A personal record!
How did that happen? I had a crappy run using the Galloway Method at the Kentucky Derby Festival last week, it was another warm day today, and I didn’t want to get out of bed in the morning.
Still, this turned out to be the best marathon I’ve ever run. Or, I should say, run-walked because I gave Galloway another try. That’s not the only thing I changed though.
In my poor design for my science experiment I changed liquids too. I went with coconut water this time. Gatorade is total shit. The more I run, the more I think Gatorade does nothing for me. I’d say the same for Powerade. But, those are the only two things I encounter in the US. I’m not particularly concerned about energy or sugars since I get that by eating during the run, but I do need more electrolytes. I decided to try something new, and since I sweat a lot I wanted something with lots of salts.
Gatorade Thirst Quencher has 45mg of Potassium in 12 ounces, while Viva Coco has 470mg in 8 ounces. Runners argue about Potassium, Sodium, Magnesium, and other electrolytes because they fancy themselves expert dietitians who know better than everyone else how much any runner needs. I don’t really care about that. I decided to try coconut water to see what happens. If it works for me, I don’t care why or if it works for anyone else.
For what it’s worth, the Mayo Clinic lists some Potassium-laden foods. Raisins and orange juice are in the middle of that list. I had some OJ and raisins for breakfast along with my peanut butter sandwich.
I was also going to try the Galloway run-walk strategy again. I tried it last week, but I fell apart toward the end for other reasons. I don’t think I gave it a fair go since I didn’t follow my other proper race routines.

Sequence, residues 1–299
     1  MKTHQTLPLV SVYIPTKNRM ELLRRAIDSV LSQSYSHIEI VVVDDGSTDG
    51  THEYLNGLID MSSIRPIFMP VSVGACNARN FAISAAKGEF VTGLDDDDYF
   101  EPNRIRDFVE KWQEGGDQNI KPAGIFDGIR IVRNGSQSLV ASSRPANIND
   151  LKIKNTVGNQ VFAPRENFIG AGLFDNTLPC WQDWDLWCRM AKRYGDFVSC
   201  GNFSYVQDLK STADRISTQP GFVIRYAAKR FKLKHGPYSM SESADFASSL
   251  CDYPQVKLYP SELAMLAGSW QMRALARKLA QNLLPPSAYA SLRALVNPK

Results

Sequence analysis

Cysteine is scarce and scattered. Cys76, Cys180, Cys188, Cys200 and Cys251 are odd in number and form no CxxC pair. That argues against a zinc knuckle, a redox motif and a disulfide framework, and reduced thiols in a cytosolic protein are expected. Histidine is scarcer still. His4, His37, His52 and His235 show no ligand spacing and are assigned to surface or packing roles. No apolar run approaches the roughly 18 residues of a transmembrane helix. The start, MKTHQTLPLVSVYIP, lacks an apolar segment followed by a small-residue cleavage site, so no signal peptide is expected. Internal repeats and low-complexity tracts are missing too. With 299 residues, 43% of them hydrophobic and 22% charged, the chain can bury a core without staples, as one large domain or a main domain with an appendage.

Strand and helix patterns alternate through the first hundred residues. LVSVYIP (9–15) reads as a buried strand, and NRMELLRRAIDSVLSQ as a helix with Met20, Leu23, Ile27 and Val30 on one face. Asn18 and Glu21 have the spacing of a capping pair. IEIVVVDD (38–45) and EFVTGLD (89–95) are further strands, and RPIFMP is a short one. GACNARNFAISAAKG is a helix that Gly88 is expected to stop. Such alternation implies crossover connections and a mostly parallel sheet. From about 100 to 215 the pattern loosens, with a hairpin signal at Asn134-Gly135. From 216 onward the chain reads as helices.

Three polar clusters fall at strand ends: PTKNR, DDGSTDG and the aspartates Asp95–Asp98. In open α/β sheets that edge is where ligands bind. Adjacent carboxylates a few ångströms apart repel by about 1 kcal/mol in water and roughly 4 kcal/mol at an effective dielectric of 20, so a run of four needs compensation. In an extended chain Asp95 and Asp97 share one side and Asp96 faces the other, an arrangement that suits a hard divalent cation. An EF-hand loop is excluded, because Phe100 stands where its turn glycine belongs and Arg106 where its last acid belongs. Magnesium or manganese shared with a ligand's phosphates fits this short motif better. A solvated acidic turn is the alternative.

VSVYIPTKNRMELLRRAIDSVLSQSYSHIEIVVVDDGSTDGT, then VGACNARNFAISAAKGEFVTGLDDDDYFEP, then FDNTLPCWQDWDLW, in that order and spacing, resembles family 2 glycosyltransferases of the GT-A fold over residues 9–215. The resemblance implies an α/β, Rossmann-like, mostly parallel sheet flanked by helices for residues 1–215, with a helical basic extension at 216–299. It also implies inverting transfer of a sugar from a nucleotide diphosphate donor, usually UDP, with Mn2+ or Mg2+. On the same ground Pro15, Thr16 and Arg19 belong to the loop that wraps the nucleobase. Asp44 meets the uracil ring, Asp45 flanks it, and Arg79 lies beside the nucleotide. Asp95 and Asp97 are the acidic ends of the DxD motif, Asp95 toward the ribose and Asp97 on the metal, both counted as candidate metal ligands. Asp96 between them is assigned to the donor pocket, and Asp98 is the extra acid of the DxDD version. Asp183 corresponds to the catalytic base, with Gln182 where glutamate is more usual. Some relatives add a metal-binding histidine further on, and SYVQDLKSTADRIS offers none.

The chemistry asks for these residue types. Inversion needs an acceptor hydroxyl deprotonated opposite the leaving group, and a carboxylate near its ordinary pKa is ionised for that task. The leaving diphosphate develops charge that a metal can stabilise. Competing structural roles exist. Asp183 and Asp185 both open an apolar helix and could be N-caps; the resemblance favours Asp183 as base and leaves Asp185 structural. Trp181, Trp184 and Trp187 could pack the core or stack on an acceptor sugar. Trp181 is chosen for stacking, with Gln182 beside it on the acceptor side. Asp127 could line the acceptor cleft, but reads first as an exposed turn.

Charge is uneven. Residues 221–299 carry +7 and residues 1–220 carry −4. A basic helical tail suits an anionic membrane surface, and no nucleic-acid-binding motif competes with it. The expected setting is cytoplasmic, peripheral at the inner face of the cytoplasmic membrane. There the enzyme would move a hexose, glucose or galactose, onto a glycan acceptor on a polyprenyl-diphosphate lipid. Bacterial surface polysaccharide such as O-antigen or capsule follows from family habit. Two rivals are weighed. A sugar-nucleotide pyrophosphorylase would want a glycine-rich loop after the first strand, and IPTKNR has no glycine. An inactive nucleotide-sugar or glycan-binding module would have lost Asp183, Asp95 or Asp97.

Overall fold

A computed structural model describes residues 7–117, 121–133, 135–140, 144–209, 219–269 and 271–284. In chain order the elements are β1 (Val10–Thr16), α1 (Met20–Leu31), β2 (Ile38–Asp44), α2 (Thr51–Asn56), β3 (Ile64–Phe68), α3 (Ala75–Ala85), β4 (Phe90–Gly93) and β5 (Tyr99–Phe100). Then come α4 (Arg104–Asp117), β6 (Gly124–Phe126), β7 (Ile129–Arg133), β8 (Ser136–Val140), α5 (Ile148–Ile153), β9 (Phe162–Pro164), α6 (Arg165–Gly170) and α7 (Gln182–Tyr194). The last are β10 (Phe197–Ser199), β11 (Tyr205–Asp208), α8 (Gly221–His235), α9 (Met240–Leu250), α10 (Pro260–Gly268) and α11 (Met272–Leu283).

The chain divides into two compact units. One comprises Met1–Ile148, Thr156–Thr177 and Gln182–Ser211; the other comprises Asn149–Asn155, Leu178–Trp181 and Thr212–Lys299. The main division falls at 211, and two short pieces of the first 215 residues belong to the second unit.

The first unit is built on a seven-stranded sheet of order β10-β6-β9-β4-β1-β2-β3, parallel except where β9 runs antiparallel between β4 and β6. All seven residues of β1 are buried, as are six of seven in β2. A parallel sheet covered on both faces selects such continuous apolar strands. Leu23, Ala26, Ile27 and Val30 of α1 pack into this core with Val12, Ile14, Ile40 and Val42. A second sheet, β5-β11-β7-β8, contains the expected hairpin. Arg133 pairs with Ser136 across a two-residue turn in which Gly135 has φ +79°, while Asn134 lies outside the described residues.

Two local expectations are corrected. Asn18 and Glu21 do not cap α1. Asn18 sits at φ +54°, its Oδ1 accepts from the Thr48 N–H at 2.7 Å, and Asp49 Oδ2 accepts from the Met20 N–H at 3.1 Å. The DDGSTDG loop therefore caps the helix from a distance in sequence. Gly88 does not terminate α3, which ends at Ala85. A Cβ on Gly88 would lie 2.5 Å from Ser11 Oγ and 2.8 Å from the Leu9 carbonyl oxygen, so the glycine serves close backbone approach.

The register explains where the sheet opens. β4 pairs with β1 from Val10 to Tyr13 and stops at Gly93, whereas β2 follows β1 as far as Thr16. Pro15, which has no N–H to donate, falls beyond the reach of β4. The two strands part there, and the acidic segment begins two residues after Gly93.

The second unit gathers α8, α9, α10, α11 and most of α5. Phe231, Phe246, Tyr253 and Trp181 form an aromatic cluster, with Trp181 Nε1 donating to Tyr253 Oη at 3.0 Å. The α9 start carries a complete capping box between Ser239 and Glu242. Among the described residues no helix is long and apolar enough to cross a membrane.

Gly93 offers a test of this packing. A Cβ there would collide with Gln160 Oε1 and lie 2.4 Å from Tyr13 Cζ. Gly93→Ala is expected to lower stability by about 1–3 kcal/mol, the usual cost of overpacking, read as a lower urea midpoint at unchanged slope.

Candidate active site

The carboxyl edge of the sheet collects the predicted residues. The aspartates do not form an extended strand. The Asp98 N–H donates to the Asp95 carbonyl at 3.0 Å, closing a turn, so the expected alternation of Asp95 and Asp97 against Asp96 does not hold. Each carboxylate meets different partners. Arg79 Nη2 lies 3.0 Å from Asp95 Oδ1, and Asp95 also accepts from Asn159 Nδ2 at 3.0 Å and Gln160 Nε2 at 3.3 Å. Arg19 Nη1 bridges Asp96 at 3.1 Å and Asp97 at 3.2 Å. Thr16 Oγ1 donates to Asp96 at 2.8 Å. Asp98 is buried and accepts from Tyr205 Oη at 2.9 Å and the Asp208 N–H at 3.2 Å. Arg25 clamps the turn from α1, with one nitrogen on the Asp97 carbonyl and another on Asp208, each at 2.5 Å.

I’m not doing his strict program, which is geared toward creating finishers and secondarily personal best times. I haven’t gone through his training schedule or computed my optimal pace or interval ratio. I’m ignoring everything I’m supposed to do and showing up thinking it will work anyway. I’m just using the idea of walk breaks, which most people attribute to him. I’ll see how it goes.
Curiously, this marathon has a horse racing component, a week after the Kentucky Derby Festival Marathon (their horse racing opens this week). I didn’t think about that at all until I showed up. I try not to overthink these things. As I was in the starting corral I saw some horses running on the track for their Sunday exercise, but I don’t think the season is open yet; I didn’t have a chance to place any bets.
My start pace was really quick. I was way at the back of the pack since I got to the start area ten minutes before the gun. I did get up two hours before the start to have breakfast, something that I didn’t do last week and cause a bit of my suffering, but I also got back in bed for 45 minutes. I wanted to gain a bit of ground and get some space around me, which wasn’t hard since the field wasn’t that large.
Today I wasn’t expecting anything other than finishing another state in the 50 States goal and another state in my Titanium goal. I’m grinding numbers. This is state 30 and Titanium run 21, and the last one before I start the New England Challenge in two weeks where I’ll get another six. My States map is getting full! Other than that, I had no expectations or plan for today. I’d start running, do that for four or five hours, and then do something else.
The start was at 8:00am, which is a bit late and puts me into the warmer part of the day, but, like I said, I got a little more sleep. Standing in the corral and looking at the back of someone’s 50 States shirt, I thought about my Maryland problem. I had planned to run the George Washington’s Birthday marathon in February, but it was cancelled. As I was waiting to run, I saw a 2013 Baltimore Marathon shirt with a date in October. Huh. October. That might work. If everything else works well, that would fix my East Coast hole. And, after the race, I check to see that the October 18 date works; it’s right after the Appalachian Series.
I started a little faster than I wanted, but not too fast. I knew I wouldn’t be able to hold that pace for a half marathon, but I was letting my legs do what they wanted to do. It didn’t seem like an abnormal effort and my breathing was fine. I caught the 4:25 pacers and tried to stay with them, which gave me a short break, but then I pulled away from them. Sometimes it’s harder to run slower.